A Look Back: Gus Solomons jr
Today, we know Gus Solomons jr as a legendary dancer, distinguished professor, trusted dance critic, compelling choreographer, pioneering company director—the list could go on. But in June 1964, his story was just beginning.
That month, Solomons was highlighted in Dance Magazine's "Brief Biographies," which, in the 50s, 60s and 70s, was "a monthly series about the dancers you should know." (Other figures in the early years included icons such as Edward Villella, Bonnie Mathis, Yuriko, and Patricia Wilde, among many others.) Solomons had recently moved to New York from Boston, where he grew up. I love how biographer Saul Goodman opens the piece:
"Gus Solomons, Jr.'s instinct for performing first asserted itself during a Sunday school class in Boston when he was four. Responding to a hymn, he stepped into the aisle and did a jig. The impromptu debut earned him a spanking. Today, some twenty years later, the same individual, grown to six feet, four inches, is praised for his performing."
Solomons in Dance Magazine, June 1964
Photo by Zachary Freyman, DM Archives
At the time, the M.I.T. alum—he was an architecture major—was garnering critical acclaim for his performances with Donald McKayle, Pearl Lang, Joyce Trisler and Martha Graham. He was studying dance at the Graham School, and as Goodman writes, had just began taking classes with Merce Cunningham, "whose pure movement creations fascinate him and whose company he would like to appear with." Of course, we know that dream was realized—he performed with Cunningham from 1965–1968. Take a look at this video from the Mondays with Merce series, in which Solomons talks about joining Cunningham's company. You'll also see some amazing and rare archival footage of the two of them in rehearsal and performance.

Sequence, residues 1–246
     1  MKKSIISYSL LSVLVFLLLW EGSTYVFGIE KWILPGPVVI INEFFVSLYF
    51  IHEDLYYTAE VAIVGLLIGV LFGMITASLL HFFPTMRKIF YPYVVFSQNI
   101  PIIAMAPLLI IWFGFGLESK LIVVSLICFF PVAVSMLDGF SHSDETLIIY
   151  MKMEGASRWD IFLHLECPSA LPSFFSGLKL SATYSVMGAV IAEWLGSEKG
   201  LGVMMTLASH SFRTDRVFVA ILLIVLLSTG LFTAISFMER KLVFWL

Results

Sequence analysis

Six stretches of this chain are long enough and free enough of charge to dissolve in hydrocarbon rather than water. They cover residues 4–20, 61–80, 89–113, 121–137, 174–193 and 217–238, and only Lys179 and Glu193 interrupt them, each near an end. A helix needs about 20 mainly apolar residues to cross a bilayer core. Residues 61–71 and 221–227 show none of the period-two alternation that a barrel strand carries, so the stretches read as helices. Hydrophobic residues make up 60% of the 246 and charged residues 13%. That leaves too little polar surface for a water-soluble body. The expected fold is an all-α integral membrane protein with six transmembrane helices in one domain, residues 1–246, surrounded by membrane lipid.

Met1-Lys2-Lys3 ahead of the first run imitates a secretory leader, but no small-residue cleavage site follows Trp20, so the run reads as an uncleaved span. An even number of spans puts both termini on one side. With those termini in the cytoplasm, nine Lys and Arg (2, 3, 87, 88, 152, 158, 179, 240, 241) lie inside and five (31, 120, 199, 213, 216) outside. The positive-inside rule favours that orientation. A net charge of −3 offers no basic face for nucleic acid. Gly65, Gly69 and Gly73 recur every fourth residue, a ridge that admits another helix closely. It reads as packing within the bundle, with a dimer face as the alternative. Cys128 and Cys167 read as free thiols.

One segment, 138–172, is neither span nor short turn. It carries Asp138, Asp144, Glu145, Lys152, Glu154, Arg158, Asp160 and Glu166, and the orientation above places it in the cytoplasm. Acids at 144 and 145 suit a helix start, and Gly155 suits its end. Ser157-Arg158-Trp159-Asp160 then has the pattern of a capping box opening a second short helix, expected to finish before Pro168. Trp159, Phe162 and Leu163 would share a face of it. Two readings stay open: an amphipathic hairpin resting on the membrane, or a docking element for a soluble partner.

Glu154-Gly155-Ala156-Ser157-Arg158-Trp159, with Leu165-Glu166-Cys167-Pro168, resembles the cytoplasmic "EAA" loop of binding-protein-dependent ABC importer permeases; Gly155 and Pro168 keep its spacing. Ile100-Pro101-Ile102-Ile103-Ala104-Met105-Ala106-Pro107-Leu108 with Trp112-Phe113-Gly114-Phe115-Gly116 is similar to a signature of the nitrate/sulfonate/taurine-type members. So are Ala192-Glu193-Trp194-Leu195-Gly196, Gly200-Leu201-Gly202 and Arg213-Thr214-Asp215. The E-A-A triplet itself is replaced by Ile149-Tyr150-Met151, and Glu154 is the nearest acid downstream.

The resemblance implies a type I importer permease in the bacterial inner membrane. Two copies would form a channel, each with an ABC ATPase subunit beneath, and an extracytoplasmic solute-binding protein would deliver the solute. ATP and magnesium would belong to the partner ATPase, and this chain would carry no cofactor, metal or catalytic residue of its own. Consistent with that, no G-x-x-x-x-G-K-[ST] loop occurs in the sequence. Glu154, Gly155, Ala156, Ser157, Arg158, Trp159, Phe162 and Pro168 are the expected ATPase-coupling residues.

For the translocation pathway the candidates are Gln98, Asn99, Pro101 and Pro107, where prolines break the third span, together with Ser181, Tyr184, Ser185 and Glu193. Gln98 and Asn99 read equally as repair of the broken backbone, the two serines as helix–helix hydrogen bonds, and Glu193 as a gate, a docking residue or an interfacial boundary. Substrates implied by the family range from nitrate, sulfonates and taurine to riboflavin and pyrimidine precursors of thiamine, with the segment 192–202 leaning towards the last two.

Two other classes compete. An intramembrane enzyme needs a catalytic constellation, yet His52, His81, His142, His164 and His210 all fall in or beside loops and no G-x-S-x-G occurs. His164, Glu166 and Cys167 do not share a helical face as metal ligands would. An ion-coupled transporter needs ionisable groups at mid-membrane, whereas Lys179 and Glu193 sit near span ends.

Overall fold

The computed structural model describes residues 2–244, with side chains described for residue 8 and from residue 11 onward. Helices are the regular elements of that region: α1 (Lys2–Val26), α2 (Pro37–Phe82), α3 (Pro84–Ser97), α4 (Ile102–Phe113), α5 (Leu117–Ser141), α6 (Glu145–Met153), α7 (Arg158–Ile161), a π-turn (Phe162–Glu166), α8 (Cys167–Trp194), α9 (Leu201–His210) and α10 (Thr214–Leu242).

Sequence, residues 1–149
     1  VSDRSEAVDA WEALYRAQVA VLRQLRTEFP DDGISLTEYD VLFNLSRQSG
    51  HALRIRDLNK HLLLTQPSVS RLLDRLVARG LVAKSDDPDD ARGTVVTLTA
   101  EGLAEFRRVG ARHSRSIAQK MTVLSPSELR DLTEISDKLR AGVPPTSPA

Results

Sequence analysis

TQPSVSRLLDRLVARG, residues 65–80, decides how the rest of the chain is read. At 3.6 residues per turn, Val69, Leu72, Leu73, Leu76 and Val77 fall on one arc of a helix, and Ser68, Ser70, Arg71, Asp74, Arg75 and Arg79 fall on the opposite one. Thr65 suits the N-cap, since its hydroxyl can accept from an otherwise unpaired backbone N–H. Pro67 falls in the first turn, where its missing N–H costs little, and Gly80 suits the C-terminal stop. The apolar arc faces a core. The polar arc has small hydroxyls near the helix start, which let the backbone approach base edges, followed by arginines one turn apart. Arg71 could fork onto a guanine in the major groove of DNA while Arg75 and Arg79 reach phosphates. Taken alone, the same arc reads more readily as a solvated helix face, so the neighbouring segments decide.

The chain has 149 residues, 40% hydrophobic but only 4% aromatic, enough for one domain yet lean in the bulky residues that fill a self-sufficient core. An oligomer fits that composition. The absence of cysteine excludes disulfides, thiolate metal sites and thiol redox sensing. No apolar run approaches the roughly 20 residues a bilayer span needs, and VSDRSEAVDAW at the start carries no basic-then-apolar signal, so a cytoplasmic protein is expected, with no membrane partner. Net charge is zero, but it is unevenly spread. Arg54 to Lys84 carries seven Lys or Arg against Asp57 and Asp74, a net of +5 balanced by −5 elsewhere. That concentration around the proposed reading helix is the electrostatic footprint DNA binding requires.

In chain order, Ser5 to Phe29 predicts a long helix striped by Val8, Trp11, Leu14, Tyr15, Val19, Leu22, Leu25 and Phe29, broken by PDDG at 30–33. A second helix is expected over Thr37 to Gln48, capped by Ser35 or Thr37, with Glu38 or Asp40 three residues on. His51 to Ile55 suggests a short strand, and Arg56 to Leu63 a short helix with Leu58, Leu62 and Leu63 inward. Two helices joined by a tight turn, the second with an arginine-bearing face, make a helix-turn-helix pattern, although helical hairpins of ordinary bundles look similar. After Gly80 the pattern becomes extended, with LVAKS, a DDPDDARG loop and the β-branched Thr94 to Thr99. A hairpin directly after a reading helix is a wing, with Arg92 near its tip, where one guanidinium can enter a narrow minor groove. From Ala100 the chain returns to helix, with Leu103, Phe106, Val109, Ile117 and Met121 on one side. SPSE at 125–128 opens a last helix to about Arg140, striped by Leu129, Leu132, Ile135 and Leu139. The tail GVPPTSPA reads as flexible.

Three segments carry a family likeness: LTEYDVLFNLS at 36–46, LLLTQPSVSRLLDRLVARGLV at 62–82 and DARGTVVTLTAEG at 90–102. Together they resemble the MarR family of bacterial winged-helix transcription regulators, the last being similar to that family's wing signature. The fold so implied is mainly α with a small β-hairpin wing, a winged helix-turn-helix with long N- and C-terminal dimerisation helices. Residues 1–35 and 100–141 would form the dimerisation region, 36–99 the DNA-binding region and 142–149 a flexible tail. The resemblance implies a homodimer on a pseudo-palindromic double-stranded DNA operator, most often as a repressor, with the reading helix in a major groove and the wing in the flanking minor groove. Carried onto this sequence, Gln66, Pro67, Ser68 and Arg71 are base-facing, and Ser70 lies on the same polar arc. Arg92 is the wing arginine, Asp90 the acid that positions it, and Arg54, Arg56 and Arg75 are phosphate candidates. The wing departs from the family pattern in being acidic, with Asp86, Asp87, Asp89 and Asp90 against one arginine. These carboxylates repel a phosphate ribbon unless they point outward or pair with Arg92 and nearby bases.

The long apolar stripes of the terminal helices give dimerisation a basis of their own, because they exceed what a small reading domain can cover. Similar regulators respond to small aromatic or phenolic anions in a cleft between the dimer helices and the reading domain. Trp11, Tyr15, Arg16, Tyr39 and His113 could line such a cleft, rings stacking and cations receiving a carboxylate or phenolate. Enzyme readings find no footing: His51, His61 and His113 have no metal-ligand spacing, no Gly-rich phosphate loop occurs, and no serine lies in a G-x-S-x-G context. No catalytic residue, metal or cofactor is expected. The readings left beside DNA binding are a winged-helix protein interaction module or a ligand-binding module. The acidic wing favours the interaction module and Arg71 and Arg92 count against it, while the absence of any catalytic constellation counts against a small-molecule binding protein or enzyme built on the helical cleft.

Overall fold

Goodman also records Solomons' early interest in dance education: "Teaching is particularly valuable, Gus believes. He learns from it and at the same time it provides him with opportunities to experiment with choreographic ideas. So much the better that next month he will be teaching at the University of Colorado; in July at the University of California." Fast-forward forty years: Solomons received the prestigious American Dance Festival’s Balasaraswati/Joy Ann Dewey Beinecke Endowed Chair for Distinguished Teaching in 2004.
PARADIGM's Gus Solomons jr, Dudley Williams and Carmen deLavallade in A Thin Frost
Photo by TomCaravaglia in 1999, DM Archives
Close to fifty years later, Solomons continues to be a force in the field, choreographing and performing with PARADIGM, the company he founded in 1996 with Dudley Williams and Carmen deLavallade. (In fact, deLavallade was mentioned in Solomons' bio as a partner in McKayle's Reflections in the Park—it's been quite the professional partnership.) Earlier this month, Solomons co-hosted the 2013 Bessie Awards, also performing Paul Taylor's tableau Duet alongside Martine Van Hamel. And just this week, it was announced that Solomons is the latest dancer to take part in Keigwin + Company's #ShareTheMattress video campaign. It's quite the witty composition, check it out below:
When Miami City Ballet artistic director Lourdes Lopez was a principal dancer at New York City Ballet, she missed her opportunity to honor Jerome Robbins onstage. "Every time there was a celebration for Jerry, I was either injured or had just retired," says Lopez. "I was never able to publicly thank him onstage for all that he taught us and the beauty he left us."